Farming is the occupation with the highest risk of fatalities in Ireland, with a rate nearly ten times the average across occupations between 2009 and 2015. A new report titled Risk taking and Accidents on Irish Farms was completed as part of the ESRI and Health and Safety Authority (HSA) research programme, and was published by the ESRI today (24 May 2017). The report examines a number of different types of risks that farmers take and looks at whether they are associated with accidents or “near misses” on the farm. The authors draw on a survey of over 800 farmers commissioned by the HSA in 2013. The farmers in the study were all male self-employed farmers who had no regular paid employees.
The report examined risk taking in terms of failing to routinely take six different types of safety precautions, listed here in order of frequency:
A statistical model took account of a number of factors at once in terms of their association with risk taking, such as farmer age, family status, farm size, and whether it was a dairy farm. The results showed that:
Accidents and “Near Misses”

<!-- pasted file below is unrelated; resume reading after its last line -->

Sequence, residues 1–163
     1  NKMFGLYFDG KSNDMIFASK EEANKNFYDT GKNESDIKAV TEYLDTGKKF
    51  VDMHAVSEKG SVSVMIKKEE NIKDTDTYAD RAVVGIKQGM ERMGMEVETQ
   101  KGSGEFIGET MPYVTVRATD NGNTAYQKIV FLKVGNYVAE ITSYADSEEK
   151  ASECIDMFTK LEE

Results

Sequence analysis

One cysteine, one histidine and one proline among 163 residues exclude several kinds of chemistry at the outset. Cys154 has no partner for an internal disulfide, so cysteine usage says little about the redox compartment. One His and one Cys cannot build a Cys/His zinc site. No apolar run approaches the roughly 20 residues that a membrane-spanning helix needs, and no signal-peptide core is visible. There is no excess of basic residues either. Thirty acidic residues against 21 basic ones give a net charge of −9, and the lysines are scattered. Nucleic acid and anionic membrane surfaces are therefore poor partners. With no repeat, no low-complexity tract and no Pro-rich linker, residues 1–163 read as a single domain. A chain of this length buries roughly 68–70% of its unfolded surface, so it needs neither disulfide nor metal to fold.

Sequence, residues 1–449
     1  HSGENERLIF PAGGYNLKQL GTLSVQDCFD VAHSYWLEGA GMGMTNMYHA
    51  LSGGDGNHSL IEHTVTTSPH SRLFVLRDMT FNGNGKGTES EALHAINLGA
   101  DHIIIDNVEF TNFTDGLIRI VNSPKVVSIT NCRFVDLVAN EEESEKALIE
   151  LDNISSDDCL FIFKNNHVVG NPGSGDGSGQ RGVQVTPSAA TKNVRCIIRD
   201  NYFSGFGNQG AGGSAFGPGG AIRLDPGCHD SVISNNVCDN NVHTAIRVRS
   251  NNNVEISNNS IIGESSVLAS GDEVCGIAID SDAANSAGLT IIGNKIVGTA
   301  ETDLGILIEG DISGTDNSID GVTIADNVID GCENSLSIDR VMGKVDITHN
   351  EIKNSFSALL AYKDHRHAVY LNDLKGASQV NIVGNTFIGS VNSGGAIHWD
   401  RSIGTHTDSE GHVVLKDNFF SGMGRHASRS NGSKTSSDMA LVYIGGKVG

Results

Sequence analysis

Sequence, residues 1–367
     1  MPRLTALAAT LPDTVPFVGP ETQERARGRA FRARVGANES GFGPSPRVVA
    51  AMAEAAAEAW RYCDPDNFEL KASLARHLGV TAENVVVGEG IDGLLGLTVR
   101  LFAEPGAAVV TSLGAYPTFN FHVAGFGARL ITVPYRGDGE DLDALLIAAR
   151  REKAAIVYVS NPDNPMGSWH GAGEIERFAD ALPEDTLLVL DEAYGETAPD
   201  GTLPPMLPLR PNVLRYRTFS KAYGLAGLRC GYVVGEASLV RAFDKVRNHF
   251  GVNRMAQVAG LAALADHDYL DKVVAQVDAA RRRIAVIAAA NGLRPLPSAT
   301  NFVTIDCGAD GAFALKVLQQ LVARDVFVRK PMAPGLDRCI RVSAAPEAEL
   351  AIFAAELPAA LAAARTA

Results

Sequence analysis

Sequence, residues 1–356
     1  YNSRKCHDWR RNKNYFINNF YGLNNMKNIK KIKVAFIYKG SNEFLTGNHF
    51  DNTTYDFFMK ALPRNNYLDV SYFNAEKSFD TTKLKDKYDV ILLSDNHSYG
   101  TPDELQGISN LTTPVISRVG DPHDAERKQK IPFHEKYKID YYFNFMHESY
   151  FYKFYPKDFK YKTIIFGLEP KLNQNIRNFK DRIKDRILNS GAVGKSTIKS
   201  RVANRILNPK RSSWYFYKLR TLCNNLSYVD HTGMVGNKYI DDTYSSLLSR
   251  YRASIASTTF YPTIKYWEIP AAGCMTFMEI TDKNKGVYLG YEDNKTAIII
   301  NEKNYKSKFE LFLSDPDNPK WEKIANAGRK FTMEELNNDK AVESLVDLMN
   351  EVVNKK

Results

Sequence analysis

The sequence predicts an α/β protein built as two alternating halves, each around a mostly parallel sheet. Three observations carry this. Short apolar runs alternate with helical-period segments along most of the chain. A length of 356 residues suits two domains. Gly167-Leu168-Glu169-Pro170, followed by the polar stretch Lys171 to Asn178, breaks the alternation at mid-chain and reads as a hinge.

Factors associated with accidents or near misses
Dorothy Watson, an author of the report, commented:
“Farm safety is a critical issue. In the last seven years, 138 people have been killed in farm accidents, making farming the most dangerous occupation in terms of fatalities. The results of this report highlight the significance of getting help with difficult jobs and checking machinery in reducing the risk of accidents in farming. Future policies should emphasise the importance of getting help with difficult tasks on the farm, as the research indicated that failing to do so is associated with a higher risk of accidents and near misses.”
Martin O’Halloran, Chief Executive of the HSA stated:
“This research is important because it helps us to develop a deeper understanding of the mind-set of farmers and why unsafe practices are occurring. Once we understand what triggers risk taking on farms we can implement strategies that are appropriate, for the industry, and will bring about a sustained reduction in accidents.”
 The sample of over 800 included 50 interviews with farmers specifically selected in counties with a high accident rate.
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